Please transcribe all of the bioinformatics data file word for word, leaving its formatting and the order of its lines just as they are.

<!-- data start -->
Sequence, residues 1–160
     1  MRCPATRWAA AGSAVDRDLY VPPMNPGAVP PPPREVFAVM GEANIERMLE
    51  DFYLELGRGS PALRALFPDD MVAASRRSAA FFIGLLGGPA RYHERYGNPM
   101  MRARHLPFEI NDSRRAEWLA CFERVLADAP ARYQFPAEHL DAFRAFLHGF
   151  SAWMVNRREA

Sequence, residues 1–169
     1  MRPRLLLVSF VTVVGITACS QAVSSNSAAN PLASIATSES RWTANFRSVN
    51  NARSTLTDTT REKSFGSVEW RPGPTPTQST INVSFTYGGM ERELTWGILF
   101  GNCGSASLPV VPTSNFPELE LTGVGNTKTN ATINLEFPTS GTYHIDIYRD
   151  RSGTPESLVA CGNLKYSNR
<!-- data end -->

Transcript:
Sequence, residues 1–160
     1  MRCPATRWAA AGSAVDRDLY VPPMNPGAVP PPPREVFAVM GEANIERMLE
    51  DFYLELGRGS PALRALFPDD MVAASRRSAA FFIGLLGGPA RYHERYGNPM
   101  MRARHLPFEI NDSRRAEWLA CFERVLADAP ARYQFPAEHL DAFRAFLHGF
   151  SAWMVNRREA

Sequence, residues 1–169
     1  MRPRLLLVSF VTVVGITACS QAVSSNSAAN PLASIATSES RWTANFRSVN
    51  NARSTLTDTT REKSFGSVEW RPGPTPTQST INVSFTYGGM ERELTWGILF
   101  GNCGSASLPV VPTSNFPELE LTGVGNTKTN ATINLEFPTS GTYHIDIYRD
   151  RSGTPESLVA CGNLKYSNR